Thursday, December 27, 2007


The holidays are bringing more Christmas cheer to the economy. Holiday shoppers are out in droves, in spite of the high gas prices. And so economists are revising fourth quarter growth estimates upward.

Year end figures show a U.S. economy that is red hot, rather than in danger of grinding to a halt. Not only are consumers spending as if there is no tomorrow, but industrial production is straining at full capacity and it is pushing up the inflation rate.

Retail sales, which account for half of all consumer purchases, surged 1.2 percent in November and are up 6.3 percent in 12 months. These are numbers reminiscent of boom times, and should raise 4th quarter GDP growth to more than 2 percent from the 1 percent consensus forecast.

Industrial production is also growing, in part because of surging exports. Production is up 2.1 percent in one year, and operating at 0.5 percent above its 1972-2006 average capacity level, according to the Federal Reserve. ‘Real’, or after-inflation Gross Domestic Product has grown 2.8 percent in 12 months, which is close to its maximum growth potential.

This means supply bottlenecks, and bottlenecks mean higher prices. As a consequence, November wholesale (PPI) and retail (CPI) prices rose sharply, mostly due to scarcer gas and oil supplies. Producer prices are up 7.2 percent, and consumer prices have risen 4.3 percent in 12 months.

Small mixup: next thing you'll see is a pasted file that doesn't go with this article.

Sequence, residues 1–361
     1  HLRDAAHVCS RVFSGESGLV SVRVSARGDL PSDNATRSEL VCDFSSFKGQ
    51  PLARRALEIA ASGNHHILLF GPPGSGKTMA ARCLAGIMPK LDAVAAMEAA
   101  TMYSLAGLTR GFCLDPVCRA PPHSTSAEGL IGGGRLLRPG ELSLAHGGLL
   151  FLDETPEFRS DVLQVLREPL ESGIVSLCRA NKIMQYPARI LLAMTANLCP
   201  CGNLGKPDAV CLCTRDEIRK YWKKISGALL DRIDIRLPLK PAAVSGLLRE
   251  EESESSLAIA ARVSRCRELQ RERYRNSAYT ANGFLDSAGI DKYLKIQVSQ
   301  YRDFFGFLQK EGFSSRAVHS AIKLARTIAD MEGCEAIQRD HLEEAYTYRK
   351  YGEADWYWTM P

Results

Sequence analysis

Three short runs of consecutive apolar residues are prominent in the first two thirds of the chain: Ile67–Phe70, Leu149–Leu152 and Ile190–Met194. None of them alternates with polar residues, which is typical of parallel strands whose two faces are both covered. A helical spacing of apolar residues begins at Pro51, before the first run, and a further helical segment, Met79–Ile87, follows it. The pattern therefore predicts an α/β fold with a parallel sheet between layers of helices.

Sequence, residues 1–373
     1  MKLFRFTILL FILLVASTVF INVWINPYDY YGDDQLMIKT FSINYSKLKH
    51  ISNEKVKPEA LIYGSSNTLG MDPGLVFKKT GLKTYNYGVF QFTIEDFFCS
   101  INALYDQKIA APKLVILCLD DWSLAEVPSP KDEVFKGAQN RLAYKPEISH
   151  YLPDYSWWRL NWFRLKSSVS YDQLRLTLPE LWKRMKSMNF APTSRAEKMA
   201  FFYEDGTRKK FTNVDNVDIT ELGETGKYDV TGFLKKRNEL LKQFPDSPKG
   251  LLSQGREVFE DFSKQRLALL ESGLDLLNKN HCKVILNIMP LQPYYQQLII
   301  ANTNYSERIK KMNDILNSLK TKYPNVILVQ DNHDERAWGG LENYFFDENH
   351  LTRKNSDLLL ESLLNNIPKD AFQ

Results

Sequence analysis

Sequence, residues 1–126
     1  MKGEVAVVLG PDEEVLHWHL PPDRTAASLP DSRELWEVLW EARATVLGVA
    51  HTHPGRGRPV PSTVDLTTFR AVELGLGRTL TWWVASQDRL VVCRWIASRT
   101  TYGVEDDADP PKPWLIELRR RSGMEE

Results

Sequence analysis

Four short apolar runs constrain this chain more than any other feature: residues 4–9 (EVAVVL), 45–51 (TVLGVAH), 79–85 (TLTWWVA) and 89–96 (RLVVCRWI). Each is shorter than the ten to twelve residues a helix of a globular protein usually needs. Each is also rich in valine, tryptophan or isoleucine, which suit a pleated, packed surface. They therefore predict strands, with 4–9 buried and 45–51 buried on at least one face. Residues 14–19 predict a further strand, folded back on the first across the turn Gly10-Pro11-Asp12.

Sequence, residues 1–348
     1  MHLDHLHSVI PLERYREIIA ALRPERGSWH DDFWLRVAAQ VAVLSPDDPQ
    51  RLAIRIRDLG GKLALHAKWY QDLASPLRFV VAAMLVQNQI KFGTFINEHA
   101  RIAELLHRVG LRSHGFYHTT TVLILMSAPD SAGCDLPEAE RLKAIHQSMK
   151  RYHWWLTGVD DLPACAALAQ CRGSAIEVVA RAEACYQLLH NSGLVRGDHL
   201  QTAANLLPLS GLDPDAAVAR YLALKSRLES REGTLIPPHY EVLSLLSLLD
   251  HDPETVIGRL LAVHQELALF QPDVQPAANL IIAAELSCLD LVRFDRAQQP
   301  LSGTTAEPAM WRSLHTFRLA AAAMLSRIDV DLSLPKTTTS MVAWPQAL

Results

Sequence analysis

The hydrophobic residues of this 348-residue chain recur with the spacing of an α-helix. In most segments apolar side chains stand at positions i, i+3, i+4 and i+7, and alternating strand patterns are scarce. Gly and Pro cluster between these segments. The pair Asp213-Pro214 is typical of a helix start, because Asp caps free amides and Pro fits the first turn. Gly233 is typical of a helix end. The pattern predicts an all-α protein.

And, although home sales continue downward, the Federal Reserve reports that household wealth—the value of household assets minus liabilities—rose $625 billion in the third quarter. It is below the average $1 trillion increase of recent quarters, but still huge.

And disposable incomes and spending, a key indicator of economic health, continued upward in November. Real disposable incomes (after taxes and inflation are deducted) are actually exceeding 2006 levels.

This may explain why consumers still feel wealthy enough to continue spending, even though housing starts fell 3.7 percent in November. And though the Conference Board’s Index of Leading Economic Indicators (LEI) is down 1.2 percent in 6 months, its components are evenly balanced between strengths and weaknesses.

In addition, Martin Feldman, president of the National Bureau of Economic Research—the agency that determines the beginning and end of business cycles—recently said that the 4 indicators used to determine business cycles--employment, wholesale and retail sales, real personal income, and industrial production— indicate no oncoming recession. So, it looks like economic growth may continue to exceed everyone’s expectations!

Copyright © 2007